Remembering Gloria Zea: Colombia’s grand dame of culture (1935-2019)


She worked tirelessly from her office on the first floor of the Modern Art Museum of Bogotá (Mambo) for almost a half-century as its director to keep the dream of having a contemporary art space for the city financially solvent, while sharing another of her great passions – opera – with Colombian audiences.

Widely regarded as the country’s grand dame of culture, Gloria Zea passed away Monday in a Bogotá hospital age 84, after suffering from respiratory complications and heart failure.

Born 1935 in Medellín, the daughter of Liberal politician Germán Zea, Gloria Zea studied Philosophy at University of the Andes, before moving to the United States to study art. Upon her return to Colombia, and taking up Fine Art at her Alma Mater, she met, during a painting lesson, her future husband, a 23-year old artist, also from Medellín, called Fernando Botero. The young couple moved to Mexico, where Botero wanted to paint inspired by the country’s great muralists. The stint was short-lived and after two years in the Mexican capital, Gloria and Fernando returned to Colombia.

Her five-year marriage to Botero dissolved in 1960, the same year the artist decided to move to New York where he won the Guggenheim International Award for his painting The Battle of the Arch-Devil. A mother to three children, Fernando, a politician who served as Minister of Defense during the presidential term of Ernesto Samper (1994-1998), Juan Carlos, author and recipient of the Juan Rulfo literary prize, and Lina, a successful television producer, in 1969, Gloria Zea assumed direction of the country’s first contemporary art space after a meeting with the Argentine art critic Marta Traba.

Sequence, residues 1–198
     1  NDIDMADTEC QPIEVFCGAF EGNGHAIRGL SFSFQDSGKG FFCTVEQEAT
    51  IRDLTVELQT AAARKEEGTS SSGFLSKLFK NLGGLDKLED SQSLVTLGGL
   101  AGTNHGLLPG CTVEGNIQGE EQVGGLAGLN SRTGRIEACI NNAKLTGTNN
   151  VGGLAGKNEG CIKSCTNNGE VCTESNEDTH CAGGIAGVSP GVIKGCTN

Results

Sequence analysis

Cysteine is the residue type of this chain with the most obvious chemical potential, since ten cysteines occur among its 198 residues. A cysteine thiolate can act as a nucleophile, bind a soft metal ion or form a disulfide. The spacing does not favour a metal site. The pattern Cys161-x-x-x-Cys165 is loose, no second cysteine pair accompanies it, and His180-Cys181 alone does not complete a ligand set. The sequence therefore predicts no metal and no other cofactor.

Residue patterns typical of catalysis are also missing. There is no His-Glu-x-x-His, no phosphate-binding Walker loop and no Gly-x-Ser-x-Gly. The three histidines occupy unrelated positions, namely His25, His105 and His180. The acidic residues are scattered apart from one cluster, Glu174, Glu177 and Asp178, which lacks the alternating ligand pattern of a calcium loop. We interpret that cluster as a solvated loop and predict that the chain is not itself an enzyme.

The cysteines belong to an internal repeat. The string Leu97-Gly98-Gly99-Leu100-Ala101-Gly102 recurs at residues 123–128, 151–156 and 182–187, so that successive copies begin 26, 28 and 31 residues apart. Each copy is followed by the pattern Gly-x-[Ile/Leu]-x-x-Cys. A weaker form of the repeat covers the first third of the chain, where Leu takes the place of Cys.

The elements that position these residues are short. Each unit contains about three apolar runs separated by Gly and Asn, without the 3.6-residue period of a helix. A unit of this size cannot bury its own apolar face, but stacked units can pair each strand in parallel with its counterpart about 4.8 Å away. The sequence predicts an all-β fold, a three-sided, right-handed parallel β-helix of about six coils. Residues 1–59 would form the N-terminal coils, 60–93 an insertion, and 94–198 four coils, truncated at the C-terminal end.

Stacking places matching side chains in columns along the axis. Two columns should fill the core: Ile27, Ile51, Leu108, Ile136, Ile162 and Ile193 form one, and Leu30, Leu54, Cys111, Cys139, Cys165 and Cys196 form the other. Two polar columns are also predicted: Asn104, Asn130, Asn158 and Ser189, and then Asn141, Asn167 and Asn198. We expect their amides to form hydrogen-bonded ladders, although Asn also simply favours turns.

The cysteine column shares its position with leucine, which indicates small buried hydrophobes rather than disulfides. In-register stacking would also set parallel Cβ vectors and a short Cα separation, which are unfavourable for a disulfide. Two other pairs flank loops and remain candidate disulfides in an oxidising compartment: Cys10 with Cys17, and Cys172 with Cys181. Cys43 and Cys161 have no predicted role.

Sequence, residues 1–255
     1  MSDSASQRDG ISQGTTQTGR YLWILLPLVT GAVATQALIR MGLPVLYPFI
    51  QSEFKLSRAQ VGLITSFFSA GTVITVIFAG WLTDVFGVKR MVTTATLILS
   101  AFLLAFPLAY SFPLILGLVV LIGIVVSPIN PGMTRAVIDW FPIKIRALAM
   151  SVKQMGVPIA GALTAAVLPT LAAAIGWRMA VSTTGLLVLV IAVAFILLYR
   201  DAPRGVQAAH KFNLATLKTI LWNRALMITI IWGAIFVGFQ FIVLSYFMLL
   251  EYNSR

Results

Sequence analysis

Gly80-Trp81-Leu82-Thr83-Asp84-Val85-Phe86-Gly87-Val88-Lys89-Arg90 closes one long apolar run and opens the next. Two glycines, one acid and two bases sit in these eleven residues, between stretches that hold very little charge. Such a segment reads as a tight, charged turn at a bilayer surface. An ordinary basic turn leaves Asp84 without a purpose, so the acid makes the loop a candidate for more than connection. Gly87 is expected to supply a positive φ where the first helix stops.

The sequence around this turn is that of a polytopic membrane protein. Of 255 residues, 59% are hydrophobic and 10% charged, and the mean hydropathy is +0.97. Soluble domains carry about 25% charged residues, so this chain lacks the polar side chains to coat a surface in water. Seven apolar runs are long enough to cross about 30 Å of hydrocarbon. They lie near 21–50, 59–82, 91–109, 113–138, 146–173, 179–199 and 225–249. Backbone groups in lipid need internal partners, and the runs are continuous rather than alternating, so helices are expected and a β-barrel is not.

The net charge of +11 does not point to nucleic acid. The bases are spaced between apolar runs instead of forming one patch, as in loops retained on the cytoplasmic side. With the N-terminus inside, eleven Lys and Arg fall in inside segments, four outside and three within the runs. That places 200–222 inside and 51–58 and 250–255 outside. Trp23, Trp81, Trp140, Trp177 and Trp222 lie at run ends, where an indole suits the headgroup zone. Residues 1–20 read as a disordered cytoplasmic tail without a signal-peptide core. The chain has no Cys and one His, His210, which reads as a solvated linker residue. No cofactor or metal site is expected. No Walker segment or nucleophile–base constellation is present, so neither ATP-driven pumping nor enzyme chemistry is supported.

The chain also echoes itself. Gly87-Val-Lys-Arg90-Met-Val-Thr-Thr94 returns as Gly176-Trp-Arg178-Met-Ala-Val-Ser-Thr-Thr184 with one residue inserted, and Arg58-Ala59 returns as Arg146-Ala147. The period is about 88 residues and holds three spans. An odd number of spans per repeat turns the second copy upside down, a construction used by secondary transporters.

Expanding Mambo’s art collection from less than one hundred works in the early 1970s to more than 3,600 when she retired in 2016, is just one of Zea’s many cultural achievements. She also had the vision of moving the entire collection into the museum’s current home, a building designed by the Bogotá architect Rogelio Salmona and inaugurated in 1985. Among more than 240 exhibitions Gloria Zea presented within the red brick walls of Mambo, were the first-ever showings of Picasso and Chagall in Colombia, as well as solo exhibitions by Colombian artists Andrés de Santamaría, Alejandro Obregón and Edgar Negret.

But, Zea wasn’t just an influential lobbyist for Bogotá to be recognized as a cultural capital, she also loved theatre and music, helping other venues, especially some of the city’s most iconic (Colón Theatre, Colonial Art Museum of Bogotá and National Library) get public funding for large-scale renovations.

When Gloria Zea wasn’t sitting behind her desk fund raising for Mambo or greeting guests at the door of the latest exhibition, she enjoyed hosting fire-side soirées with international opera singers, invited to Colombia to perform with her Ópera de Colombia. Having founded the country’s first opera company in 1978, Zea personally oversaw every aspect of a production, from the choice in lead singers to stage design and lighting. Among the close confidants of Zea in her ambitious operatic undertakings is the Argentine stage director Alejandro Chacón, baritone Valeriano Lanchas and Venezuelan conductor Gustavo Dudamel.

An admirer of the operas of Mozart, Wagner and Strauss, Gloria Zea redefined Colombia’s cultural landscape, and her legacy will be remembered as someone who took creative risks in the name of art.

In the picture: Gloria Zea by Fernando Botero during the recent exhibition at the National Museum “Botero: The artist as a young man.”



Please enter your comment!
Please enter your name here